7 Ways to Build Loyal Customers

If you haven’t noticed it already, the customer is in charge. It is easier than ever to comparison shop and switch from one business to another all from your phone, tablet or computer. However, research has found that in the online market, customers yearn for trustworthiness more than ever. This is especially true of younger generations. Customer relationships are a company’s most valuable asset. They are worth more than everything else combined, as zero customers equal zero business. Getting and keeping more customers who stay with you longer is crucial. If your customers are loyal to your business, they will be much more likely to choose you over your competitors. Loyal customers will be much more likely to tell their friends about you. Loyal customers spend more and bring in even more new customers. Loyalty is immensely valuable. 

Research has shown that a 5% increase in customer retention rates results in a 25% to 95% increase in profits. 

It’s easy to say customers are our most important assets but turning a CRM strategy into bottom-line results is hard work. It means winning the battle for customers’ hearts and minds every day, with each interaction at every customer touch point. Long-standing relationships only arise from trust gained over many transactions and by customers’ belief that the company wishes to keep them around rather than drive them away.

Creating a customer-focused company starts with the definition of a CRM strategy, which must then be filled out with new work processes, organizational changes, and even a revamped corporate culture.

To create customers for life, customers who will become advocates with the perception (and don’t forget that perception is reality) they need to believe that you do what’s best for your customers, not just what’s best for your bottom line. To do that you need to do these seven things:

  1. Research. Find out what customers want and know what you are providing matches that: Do not start with the bottom line. Profit and cash flow are residuals of attention to the needs and preferences of your customers. Of course, profits are crucial. But long-term cash flow and profits come from regular customers.
  2. Be Honest. Try to keep things simple; listen, communicate openly, and keep your promises: Deliver what you say you will. Far too many businesses focus on ways to keep customers, only to lose sight of the fact that their product or service simply isn’t what it should be. Make certain that the core of what you do is deserving of long-term customer loyalty, and then look for ways to nurture it. Make it simple to do business with you.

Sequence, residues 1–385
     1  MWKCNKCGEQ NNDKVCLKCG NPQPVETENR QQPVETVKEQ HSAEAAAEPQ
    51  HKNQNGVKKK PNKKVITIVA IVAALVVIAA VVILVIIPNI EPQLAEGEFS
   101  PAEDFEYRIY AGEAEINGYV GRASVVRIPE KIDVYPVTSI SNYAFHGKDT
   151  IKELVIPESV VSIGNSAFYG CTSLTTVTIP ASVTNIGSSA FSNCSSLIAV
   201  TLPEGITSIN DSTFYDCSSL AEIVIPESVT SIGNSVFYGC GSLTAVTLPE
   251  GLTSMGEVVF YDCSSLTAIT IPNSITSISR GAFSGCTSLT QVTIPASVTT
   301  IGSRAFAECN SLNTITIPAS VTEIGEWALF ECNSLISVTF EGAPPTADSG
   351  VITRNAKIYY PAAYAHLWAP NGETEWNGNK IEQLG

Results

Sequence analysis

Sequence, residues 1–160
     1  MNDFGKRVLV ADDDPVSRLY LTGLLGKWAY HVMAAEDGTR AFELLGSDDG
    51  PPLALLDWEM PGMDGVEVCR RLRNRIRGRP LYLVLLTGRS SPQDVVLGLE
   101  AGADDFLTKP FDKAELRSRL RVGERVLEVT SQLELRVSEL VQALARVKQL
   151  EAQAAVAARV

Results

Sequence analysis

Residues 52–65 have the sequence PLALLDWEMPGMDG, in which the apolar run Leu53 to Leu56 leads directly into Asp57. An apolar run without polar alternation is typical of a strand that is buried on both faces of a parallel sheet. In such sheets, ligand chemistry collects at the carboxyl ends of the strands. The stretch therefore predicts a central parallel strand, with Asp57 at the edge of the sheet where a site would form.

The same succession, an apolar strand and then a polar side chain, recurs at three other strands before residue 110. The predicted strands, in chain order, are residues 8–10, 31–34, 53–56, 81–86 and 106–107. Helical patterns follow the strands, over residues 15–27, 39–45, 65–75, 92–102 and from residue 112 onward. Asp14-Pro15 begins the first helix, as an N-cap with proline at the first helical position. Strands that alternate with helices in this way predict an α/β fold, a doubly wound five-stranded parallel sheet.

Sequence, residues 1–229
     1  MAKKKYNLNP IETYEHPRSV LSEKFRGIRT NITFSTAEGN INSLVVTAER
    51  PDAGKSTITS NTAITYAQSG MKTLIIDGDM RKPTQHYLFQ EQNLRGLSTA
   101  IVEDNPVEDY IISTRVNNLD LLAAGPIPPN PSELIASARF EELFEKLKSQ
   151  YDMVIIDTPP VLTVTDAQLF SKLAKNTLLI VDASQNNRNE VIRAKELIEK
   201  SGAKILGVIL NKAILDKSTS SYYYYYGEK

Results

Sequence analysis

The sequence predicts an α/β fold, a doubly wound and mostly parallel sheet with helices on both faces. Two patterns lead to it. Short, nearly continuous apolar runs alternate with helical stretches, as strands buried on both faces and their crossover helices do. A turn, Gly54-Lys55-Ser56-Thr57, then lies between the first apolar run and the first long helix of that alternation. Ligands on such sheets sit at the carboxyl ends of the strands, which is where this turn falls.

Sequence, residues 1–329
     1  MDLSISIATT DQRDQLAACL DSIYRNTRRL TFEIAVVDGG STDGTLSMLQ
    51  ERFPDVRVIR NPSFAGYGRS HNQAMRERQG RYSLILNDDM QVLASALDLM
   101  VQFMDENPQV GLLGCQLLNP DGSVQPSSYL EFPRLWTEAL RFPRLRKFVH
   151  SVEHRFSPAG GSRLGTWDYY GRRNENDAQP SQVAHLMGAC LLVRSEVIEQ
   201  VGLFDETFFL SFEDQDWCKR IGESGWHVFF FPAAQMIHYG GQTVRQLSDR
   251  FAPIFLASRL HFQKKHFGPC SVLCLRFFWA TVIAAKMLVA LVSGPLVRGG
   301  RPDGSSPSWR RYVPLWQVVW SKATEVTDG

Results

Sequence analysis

3. Exceed Expectations. Practice what you preach and preach what you practice: Treat your customers like you would like to be treated and then go even further. Give customers reasons to stay. Great service or products are terrific, but it never hurts to lure customers into the long-term fold. How about discounts for regular customers? Customer loyalty needs to be appropriately valued and rewarded.
  4. Nurture employees. Research shows that a personal relationship with your employees is the key to keeping customers loyal and that a happy staff keeps customers coming back. Treat your employees as you would want to be treated year after year. Not only does that encourage staff to also do their bit to entice customer loyalty, it emphasizes a supportive, responsive environment. Employee loyalty needs to be appropriately valued and rewarded.
  5. Refine. Use sensible marketing practices: Not many people enjoy being inundated with telephone calls and mailings, so don’t do it! Test, test, test and track the customers who come back. Once you know who your best customers are, the real work begins—convincing them to stay forevermore. Repeat purchase and retention rates capture the real financial ramifications of whether or not a company is delivering high value to its customers.
  6. Evaluate ROI. Know the value of your customers, segments, and groups. Know who is likely to be loyal: Some customers are more trouble than they’re worth. Monitor what goes into keeping a customer satisfied; if it’s too costly or simply too much work, determine whether or not you have a fit. It’s wrong to say that everyone should be a lifelong customer.
  7. Integrate Useful Technology. Just because a piece of software is Use effective CRM systems, don’t let the systems use you: Don’t be driven by the vendor or consultant – use them, they’re likely to know the technology far better than you. But let customers’ needs and everything above drive how you use the technology. Remember it is an aid not an end.

That’s all there is to it!

Dave Fladung